I THE HERERO TROUBLES. I ANOTHER ENGAGEMENT. I The expected announcement of a general attack on the chief Herero position in the Onyati Hills has at last reached Berlin. Colonel Leutwein's despatch, which was sent off on April 11 from Okahandya. states that the attack was delivered on April 9 by the main detachment under Colonel Duerr and tlle west detachment under Major von Estorff. The opera- tions were conducted by [Colonel Leutwein in person. The Hereros, who numbered about three thou- sand rifles, occupied a strong circular position on a ridge. The enemy's left wing was first enveloped and thrown back, after which the centre and the right wingwere assaulted. Two energetic counter attacks by the Herero right on the German left l'e repulsed. When darkness set in after eight hours' fighting the enemy's position," Colonel Leutwein proceeds, had been broken through. The enemy retired in all directions, his main forces proceeding appar- ently in north-easterly and earterly directions." The German losses were two officers and two non-commissioned officers killed, one officer, two non-commissioned officers and four men severely wounded, and one non-commissioned officer and four men slightly wounded. I Colonel Leutwein is unable to make any definite statement as to the losses of the Hereros, but he observes that, thanks to the effect of the artillery, they were heavy. I The German Press, in commenting on the engagements of this month, complains of the inadequate manner in which they have been re- ported. It demands detailed accounts of the operations from the Government. The severe losses suffered by Major von Glase- napp at the beginning of the month, followed by the failure of Colonel Leutwein to do more than I compel the Hereros to retire, have exercised a most depressing effect on public opinion. It is widely observed that Major von Glasenapp appears j to have fallen into an ambush after the manner of I British officers in the South African war. The Herero Campaign has produced a resolution in the German nation to refrain in future from I harsh judgment on foreign mishaps in colonial wars.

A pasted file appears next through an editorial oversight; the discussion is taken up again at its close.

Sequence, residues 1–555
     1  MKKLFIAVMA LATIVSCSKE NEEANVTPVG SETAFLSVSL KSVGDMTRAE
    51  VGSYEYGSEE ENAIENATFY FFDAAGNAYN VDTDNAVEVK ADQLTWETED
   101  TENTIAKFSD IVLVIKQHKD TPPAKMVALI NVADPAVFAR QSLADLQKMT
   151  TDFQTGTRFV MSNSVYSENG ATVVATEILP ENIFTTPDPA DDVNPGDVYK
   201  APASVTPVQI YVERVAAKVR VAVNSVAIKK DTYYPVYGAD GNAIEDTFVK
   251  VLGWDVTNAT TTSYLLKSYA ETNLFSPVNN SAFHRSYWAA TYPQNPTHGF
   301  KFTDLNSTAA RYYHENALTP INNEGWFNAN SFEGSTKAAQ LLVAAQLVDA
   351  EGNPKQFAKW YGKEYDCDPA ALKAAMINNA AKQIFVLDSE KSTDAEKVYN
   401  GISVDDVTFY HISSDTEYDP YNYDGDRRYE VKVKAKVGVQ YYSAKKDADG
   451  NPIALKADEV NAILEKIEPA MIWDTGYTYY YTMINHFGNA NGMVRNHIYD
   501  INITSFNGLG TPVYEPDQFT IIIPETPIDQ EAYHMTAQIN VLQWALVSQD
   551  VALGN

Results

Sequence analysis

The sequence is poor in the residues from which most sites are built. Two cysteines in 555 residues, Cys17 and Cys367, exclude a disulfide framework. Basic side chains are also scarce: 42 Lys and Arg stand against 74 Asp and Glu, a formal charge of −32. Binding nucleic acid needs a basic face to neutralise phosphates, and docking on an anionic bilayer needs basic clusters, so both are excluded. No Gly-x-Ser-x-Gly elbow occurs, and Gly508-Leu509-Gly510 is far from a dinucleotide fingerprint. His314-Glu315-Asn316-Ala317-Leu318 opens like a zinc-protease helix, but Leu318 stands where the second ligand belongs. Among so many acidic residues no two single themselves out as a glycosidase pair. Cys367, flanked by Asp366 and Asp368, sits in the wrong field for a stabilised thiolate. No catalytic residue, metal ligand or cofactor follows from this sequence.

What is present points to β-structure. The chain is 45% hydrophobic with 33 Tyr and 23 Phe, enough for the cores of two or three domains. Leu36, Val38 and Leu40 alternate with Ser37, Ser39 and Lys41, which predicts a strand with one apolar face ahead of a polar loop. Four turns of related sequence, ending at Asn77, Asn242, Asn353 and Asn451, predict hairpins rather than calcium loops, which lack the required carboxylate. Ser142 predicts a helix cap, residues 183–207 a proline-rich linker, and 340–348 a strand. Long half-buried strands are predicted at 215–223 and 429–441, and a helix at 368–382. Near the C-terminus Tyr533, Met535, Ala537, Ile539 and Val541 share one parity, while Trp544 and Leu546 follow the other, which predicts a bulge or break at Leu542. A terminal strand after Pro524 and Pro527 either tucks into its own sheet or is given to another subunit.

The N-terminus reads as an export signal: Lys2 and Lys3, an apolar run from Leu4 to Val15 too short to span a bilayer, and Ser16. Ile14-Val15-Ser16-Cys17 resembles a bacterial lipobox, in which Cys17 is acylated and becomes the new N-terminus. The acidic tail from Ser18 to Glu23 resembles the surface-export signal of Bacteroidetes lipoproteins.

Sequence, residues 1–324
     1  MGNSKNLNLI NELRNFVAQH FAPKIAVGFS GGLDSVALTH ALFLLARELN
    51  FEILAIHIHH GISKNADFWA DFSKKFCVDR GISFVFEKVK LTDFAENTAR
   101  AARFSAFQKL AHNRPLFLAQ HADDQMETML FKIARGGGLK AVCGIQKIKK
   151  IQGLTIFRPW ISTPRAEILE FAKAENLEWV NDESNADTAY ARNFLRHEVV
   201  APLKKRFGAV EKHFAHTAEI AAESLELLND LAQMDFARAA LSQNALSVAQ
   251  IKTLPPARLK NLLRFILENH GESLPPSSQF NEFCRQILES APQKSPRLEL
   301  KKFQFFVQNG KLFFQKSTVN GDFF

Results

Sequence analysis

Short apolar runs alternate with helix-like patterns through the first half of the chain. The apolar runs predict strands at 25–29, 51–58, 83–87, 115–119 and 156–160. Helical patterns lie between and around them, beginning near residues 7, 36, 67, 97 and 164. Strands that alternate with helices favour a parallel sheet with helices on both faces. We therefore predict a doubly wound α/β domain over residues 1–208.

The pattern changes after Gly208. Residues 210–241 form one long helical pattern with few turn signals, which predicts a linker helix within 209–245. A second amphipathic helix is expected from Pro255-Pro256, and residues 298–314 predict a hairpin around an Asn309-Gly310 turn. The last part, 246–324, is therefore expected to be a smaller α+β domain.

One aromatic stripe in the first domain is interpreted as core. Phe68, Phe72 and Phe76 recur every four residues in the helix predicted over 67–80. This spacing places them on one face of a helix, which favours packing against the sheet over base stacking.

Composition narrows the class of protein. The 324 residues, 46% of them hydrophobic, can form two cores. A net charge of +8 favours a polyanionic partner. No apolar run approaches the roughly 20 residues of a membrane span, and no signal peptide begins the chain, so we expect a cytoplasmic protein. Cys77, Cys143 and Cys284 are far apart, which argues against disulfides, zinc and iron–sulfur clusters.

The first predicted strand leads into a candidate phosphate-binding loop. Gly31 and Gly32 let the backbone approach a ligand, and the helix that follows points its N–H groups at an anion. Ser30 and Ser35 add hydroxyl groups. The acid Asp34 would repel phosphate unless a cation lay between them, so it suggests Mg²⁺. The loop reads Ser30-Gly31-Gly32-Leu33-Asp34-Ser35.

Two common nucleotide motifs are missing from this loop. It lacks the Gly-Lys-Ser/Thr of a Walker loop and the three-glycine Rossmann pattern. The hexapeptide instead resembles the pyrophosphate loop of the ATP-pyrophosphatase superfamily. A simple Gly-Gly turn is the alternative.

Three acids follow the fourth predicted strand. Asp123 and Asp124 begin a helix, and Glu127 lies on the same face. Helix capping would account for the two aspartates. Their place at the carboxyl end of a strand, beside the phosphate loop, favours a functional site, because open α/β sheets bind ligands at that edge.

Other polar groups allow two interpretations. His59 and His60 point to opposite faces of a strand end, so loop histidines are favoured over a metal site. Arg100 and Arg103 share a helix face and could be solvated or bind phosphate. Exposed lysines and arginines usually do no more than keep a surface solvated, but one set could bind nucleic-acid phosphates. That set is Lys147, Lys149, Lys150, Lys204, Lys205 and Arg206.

I EXCITING LONDON FIRE. I SMART RESCUE WORK. I London firemen have often distinguished them* j selves by gallant conduct in the work of rescuing people from burning buildings, and in a fire early on Monday morning the Knightsbridge Station staff performed this dangerous part of their duty in an exceptionally smart manner. From a street alarm the call rang into the station mentioned ac 3.10 a.m., I and instantly the escape was despatched. The 1 steamer followed promptly, and aid was summoned from other stations. When the brigade arrived at the spot they found a serious outbreak at No. 9, Egerton-terrace, Brompton, occupied, along with the next house, by Mr. S. Filer, as a private hotel. The second floor was ablaze, and the staircase to the fourth floor, converted into a flaring furnace, cut off the escape of four persons. J On tlse lower floors the houses communicated directly, but this was not the case above, the result being that the inmates were isolated. Two of them, Mrs. Brodie and her maid, Annie Young, were brought down the escape, but in the case of the others the firemen experienced great difficulty. Hook ladders were employed to form a bridge by which the upper windows could be reached. One II of the young women, Miss Margaret Birse, had climbed out of the window, and having, with remarkable self possession, shut it after her, waited with what patience she could command, perched on the ledge. The firemen worked the hooked ladders as speedily as possible, and the one used for the final length smashed the window. The immediate consequence was an outburst of heat and smoke, which forced Miss Birse to let go her hold. Clinging to the fireman who had just got within reach, she was taken to the next floor, the gallant rescuer being then relieved of his burden by other firemen, who II lowered the girl into the street. The other occu- pant, Miss Mabel Brodie, had a narrow escape. The firemen found her unconscious on her bed, covered by the clothes and nearly suffocated. She was taken to a place of safety, and when the lire had been sufficiently subdued conveyed down the staircase. I It was impossible to get the escape to the rear of the building, and the way in which the hook- ladders were utilised reflects creditably on the men engaged—Firemen Bennett, Osborne, Spencer, L Henderson, Lloyd, and Wainwright, the latter al- ready a holder of the brigade silver medal awarded for the saving of lives. There were very few people about at the time, and even some of the near neighbours knew nothing of the affair till all was over, but those who were witnesses bear ready testimony to the efficiency with which the brigade set to work. Inquiries at the house yesterday were met with polite but firm refusals to give any j information.